Scientists in Canada have discovered a way to regrow damaged nerve cells, which shows promise in healing brain, optic nerve, and spinal cord injuries. The Globe and Mail reports:
Until about the age of two, the neurons in the human brain are still growing, stretching out long arms known as axons to form connections and build networks and circuits. After that, experience and learning shape those connections largely through pruning, said Dr. [Patrice] Smith, now 32 and running her own lab at Carleton University. Superfluous connections are trimmed; those used more frequently are strengthened in a variety of ways that don’t involve the growth of axons. […]
Now, she and colleagues at Harvard have a found a molecule that appears to put the brakes on neuron growth in adult mice. It is called SOCS3. When the scientists blocked it in adult mice with crushed optic nerves, the damaged neurons began to sprout. Some of the new growth reached as far as the brain. The next step is to see if this is enough to restore the vision of the blind mice.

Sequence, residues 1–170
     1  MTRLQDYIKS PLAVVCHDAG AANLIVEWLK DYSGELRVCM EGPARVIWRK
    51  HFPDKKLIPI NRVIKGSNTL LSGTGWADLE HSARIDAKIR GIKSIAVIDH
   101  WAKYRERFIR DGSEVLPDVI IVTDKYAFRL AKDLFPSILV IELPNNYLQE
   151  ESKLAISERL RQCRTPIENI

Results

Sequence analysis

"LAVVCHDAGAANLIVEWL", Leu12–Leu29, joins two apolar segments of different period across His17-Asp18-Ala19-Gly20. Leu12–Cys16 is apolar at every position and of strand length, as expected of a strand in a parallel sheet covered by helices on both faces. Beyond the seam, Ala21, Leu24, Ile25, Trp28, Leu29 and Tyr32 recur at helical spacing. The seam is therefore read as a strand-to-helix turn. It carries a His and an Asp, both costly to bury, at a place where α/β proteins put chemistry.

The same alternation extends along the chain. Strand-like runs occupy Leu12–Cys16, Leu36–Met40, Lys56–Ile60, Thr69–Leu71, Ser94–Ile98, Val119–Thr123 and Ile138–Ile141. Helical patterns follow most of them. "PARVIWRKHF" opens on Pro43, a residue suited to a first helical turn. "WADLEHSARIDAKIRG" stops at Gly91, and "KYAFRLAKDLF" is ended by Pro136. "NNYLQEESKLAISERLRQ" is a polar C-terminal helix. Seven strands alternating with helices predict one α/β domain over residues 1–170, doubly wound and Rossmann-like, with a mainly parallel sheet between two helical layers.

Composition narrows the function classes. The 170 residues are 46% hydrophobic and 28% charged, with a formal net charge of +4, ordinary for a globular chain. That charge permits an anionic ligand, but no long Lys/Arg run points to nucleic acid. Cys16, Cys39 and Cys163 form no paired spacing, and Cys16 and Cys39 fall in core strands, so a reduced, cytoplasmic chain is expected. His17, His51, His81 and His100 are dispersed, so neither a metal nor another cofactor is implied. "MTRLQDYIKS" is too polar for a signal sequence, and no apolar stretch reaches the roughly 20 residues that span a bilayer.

A big hurdle to treating brain injuries has always been that our neuroplasticity drastically decreases as we age. If we could flip a genetic or chemical switch to increase our neuroplasticity, the medical treatments that would become possible would be, to use the technical term, balls-to-the-wall awesome.
Also, I apologize in advance for what I am about to do, but I’m not sorry enough to refrain from doing it: